If you are not from a church background where infant baptism was practiced, it may seem strange to you to see a little baby sprinkled with water after his/her parents take vows. Of course, down through history the vast majority of Christian churches have practiced infant baptism, but many who visit our church wonder why we baptize before a person has made a reasonable profession of faith. The purpose of this article is to give a brief explanation of what we’re doing when we baptize a little child.
The first thing to say is that we believe God has commanded us in the Bible to baptize our infant children. We do not do this because of tradition but because of Biblical conviction. Like many important Bible doctrines, the doctrine of infant baptism is not based on any one passage but on a number of passages and Bible principles.
The next thing that must be understood is that we believe that our relationship with God functions on two different levels: the personal/intimate level and the official/covenantal level. Perhaps the best way to illustrate this is with the marriage relationship. When a man and a woman are married, they have a personal/intimate relationship and also an official/covenantal relationship. Though the two levels of relationship are designed by God to go together, we know that there are times when a couple has a personal/intimate relationship without an official/covenantal relationship. We also know that there are times when a couple has an official/covenantal relationship even though there is not much of a personal/intimate relationship. But neither of these is the way it is designed to work. The personal/intimate level of relationship and the official/covenantal level of relationship are distinct from one another but they are supposed to coincide with one another.
We believe that the same holds true in our relationship with God. We are supposed to have both a personal/intimate relationship with God (what we call faith), and also an official/covenantal relationship with God (which, we believe, is effected by baptism). However, we know that there are some who have an official/covenantal relationship with God who have no real personal/intimate relationship with God in their hearts. They are members of the church but have no genuine love for Christ in their souls. We also know that there are some who have a personal/intimate relationship with God but have not yet made it official/covenantal through baptism/church membership.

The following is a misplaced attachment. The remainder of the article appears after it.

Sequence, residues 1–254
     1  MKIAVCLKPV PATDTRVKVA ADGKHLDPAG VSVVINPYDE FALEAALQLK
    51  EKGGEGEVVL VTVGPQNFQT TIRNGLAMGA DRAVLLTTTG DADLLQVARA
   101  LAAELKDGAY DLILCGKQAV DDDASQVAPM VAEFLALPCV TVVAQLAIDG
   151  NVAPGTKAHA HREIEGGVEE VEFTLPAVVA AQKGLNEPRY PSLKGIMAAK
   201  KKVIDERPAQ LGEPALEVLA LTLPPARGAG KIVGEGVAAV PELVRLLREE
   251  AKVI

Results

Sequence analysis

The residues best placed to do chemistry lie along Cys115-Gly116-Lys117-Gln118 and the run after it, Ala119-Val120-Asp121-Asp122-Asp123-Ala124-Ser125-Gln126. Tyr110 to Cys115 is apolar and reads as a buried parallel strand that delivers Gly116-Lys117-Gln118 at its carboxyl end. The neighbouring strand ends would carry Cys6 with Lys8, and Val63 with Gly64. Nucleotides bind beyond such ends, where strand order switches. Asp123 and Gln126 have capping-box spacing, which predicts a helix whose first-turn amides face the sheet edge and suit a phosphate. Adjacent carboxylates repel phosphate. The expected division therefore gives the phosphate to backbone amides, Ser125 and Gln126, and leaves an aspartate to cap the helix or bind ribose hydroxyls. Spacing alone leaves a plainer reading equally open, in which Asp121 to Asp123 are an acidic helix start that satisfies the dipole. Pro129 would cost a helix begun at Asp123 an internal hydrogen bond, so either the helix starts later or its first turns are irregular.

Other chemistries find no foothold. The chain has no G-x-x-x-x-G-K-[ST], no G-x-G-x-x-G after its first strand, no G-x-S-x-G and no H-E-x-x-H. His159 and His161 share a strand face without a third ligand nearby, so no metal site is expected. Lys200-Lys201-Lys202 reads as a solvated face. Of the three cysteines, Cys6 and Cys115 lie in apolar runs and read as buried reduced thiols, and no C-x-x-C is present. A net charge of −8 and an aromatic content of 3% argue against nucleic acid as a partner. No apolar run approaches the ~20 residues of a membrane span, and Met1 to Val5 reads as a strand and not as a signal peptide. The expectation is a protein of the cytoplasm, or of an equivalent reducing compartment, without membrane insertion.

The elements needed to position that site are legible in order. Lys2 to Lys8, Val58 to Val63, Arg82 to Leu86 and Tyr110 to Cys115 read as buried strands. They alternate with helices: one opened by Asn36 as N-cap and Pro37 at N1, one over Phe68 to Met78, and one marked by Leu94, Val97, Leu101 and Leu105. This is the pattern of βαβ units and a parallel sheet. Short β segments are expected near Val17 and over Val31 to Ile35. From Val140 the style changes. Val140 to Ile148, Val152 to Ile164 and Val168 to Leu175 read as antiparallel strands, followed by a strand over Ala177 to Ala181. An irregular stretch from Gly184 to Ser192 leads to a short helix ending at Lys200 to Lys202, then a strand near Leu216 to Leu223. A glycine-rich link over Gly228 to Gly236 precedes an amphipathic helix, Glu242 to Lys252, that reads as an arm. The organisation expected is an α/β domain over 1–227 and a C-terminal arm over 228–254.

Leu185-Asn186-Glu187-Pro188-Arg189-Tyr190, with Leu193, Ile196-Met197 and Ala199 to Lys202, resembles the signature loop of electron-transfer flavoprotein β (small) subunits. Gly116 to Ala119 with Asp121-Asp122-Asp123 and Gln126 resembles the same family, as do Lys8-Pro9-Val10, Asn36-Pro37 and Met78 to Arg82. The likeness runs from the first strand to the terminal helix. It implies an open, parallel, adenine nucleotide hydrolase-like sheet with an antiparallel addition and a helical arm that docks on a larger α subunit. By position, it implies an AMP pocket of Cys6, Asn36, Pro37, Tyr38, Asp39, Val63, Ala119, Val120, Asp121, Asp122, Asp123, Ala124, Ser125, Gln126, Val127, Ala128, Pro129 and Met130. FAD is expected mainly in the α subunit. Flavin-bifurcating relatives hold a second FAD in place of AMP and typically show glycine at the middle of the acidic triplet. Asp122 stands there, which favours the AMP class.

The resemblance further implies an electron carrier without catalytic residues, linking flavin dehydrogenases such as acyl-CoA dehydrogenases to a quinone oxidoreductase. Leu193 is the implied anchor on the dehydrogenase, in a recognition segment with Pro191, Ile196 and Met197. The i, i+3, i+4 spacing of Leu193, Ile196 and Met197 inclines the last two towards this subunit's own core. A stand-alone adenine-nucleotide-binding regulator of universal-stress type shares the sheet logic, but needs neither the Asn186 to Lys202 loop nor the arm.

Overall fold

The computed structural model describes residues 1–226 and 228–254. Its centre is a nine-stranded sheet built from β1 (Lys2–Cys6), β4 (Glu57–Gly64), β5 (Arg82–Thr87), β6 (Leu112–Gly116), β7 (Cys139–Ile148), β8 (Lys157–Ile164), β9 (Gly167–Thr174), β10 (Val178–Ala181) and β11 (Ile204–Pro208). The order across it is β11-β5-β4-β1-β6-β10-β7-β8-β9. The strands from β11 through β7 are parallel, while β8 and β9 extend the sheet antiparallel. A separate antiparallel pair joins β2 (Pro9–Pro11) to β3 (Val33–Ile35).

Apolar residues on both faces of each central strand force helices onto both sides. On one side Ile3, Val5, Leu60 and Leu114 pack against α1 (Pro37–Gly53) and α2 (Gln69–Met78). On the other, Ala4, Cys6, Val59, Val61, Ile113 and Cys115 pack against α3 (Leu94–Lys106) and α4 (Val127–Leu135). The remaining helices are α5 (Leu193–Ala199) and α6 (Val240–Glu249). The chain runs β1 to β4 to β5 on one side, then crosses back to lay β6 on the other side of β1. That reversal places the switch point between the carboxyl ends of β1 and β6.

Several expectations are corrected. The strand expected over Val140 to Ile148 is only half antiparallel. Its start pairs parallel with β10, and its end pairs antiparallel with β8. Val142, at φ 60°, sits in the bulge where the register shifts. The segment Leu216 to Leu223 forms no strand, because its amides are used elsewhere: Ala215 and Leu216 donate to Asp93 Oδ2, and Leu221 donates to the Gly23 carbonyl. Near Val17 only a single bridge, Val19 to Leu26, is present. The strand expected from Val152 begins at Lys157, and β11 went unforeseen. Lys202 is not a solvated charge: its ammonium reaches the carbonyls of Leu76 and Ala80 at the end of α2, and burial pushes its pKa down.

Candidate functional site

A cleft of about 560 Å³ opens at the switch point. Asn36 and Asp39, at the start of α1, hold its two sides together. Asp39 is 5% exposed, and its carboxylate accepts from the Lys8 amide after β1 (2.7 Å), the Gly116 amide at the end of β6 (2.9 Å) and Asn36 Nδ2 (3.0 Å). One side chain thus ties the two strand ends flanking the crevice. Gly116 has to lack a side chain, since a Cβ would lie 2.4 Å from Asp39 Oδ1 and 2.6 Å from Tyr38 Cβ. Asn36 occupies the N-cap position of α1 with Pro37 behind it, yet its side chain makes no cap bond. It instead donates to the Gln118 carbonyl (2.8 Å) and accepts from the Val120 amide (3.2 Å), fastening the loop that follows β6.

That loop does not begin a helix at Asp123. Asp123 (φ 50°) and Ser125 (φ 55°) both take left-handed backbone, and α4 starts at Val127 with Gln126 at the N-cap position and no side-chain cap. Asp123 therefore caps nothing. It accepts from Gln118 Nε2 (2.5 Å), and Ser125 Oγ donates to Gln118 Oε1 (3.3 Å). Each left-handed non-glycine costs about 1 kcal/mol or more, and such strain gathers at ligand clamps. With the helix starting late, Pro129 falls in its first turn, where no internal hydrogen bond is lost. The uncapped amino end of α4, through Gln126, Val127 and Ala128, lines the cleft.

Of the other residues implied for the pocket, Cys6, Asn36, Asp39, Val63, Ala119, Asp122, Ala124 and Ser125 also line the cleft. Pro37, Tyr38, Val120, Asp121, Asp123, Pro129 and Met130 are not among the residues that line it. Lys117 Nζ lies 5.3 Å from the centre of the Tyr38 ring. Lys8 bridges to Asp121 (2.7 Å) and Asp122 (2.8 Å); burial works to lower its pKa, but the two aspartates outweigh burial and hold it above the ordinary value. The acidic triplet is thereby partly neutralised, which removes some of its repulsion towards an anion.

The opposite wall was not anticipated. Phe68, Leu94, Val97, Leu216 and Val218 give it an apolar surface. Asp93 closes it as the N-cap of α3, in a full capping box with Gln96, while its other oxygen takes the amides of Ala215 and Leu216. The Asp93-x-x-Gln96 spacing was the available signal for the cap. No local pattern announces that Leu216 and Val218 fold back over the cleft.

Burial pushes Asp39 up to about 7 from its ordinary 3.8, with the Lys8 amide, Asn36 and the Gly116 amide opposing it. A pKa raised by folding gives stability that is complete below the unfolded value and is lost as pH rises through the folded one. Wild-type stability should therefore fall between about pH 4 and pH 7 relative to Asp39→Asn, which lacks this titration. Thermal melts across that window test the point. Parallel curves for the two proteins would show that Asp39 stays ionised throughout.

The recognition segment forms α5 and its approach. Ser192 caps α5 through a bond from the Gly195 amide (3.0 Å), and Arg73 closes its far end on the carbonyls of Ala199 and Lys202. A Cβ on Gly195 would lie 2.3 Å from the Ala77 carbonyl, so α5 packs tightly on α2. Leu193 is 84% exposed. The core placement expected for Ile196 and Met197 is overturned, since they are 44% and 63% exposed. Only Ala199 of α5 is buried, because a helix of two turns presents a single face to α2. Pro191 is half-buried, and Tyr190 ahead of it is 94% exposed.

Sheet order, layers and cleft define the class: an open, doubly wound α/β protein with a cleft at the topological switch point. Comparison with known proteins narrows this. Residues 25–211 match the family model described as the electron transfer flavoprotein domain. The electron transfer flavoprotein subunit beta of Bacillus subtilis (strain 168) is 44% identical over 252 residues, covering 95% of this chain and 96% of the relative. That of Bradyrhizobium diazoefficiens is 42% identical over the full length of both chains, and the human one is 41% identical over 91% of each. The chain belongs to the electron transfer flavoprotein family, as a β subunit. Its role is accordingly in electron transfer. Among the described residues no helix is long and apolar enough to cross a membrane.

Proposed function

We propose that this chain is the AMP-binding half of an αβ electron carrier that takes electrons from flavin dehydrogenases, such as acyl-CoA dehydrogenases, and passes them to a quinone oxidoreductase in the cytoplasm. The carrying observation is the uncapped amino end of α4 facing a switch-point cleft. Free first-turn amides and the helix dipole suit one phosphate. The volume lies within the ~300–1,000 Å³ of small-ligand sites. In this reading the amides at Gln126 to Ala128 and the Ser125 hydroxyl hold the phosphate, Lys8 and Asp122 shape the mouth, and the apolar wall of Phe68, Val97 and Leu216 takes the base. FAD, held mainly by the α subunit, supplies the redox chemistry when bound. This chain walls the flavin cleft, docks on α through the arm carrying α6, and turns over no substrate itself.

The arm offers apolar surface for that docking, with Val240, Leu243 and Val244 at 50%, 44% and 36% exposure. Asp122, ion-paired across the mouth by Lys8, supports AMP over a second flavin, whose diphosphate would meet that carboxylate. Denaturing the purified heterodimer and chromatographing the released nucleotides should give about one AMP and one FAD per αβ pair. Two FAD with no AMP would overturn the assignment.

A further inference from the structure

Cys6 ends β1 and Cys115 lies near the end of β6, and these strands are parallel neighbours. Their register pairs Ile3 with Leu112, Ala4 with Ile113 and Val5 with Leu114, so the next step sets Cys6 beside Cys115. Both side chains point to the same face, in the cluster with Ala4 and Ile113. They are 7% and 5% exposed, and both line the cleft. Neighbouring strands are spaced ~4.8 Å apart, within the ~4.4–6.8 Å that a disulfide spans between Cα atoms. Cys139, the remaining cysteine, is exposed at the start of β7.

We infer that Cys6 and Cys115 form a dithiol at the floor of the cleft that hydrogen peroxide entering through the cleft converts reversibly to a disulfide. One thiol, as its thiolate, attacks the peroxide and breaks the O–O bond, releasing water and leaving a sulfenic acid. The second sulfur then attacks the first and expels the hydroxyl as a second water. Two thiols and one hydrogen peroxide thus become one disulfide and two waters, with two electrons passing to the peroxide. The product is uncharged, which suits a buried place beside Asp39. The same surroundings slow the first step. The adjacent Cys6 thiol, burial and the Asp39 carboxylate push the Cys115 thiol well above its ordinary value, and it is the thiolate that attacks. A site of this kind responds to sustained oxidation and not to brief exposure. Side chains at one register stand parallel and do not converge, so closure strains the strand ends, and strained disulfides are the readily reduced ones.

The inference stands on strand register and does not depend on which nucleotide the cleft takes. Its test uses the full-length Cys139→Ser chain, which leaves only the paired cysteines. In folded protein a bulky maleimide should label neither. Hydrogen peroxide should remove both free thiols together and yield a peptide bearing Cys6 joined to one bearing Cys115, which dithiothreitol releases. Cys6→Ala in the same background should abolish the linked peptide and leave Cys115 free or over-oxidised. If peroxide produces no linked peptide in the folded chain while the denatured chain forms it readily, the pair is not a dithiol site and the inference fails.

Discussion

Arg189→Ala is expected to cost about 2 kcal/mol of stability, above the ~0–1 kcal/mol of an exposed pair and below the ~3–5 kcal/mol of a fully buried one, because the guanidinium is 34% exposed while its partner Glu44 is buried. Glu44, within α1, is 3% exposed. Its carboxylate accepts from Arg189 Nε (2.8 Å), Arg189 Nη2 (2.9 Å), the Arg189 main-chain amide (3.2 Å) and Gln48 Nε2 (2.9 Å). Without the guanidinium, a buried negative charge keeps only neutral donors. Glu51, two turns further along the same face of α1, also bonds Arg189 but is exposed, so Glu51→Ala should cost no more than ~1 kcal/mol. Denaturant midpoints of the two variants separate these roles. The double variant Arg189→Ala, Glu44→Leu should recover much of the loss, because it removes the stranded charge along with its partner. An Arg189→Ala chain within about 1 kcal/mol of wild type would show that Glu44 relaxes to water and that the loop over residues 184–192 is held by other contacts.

When we baptize an infant we believe this represents the baby’s covenant relationship with God, just as the Israelites did through circumcision. It does not mean necessarily that they have faith in their hearts (though we believe it is possible for an infant to have real faith – John the baptist seemed to when he leapt for joy in his mother’s womb at the presence of Jesus). And unless that covenant child comes to personal faith in Christ he will perish like all other non-believers.
Why is infant baptism so important? Perhaps an analogy about trees will be helpful. God can make a tree grow anywhere. All of us have been shocked at times to see a tree growing out of the side of a cliff or through a crack in the sidewalk. And no matter how perfect the environment, God can make a tree die. And yet, if we want a tree to thrive, we still plant it in a place with good soil, sunlight, water, etc., knowing that ultimately the welfare of the tree is in the hands of God. In addition to the command of God, we believe this is why we baptize our infant children. Baptism acknowledges that as children of believers they are in covenant relationship with God and with His people, which is the richest possible environment for the growth of saving faith. However, we know that ultimately the salvation of our children is in the hands of God.
If you are interested in hearing a more detailed explanation of infant baptism from the Scriptures, you might want to read my longer Bible Study on the subject.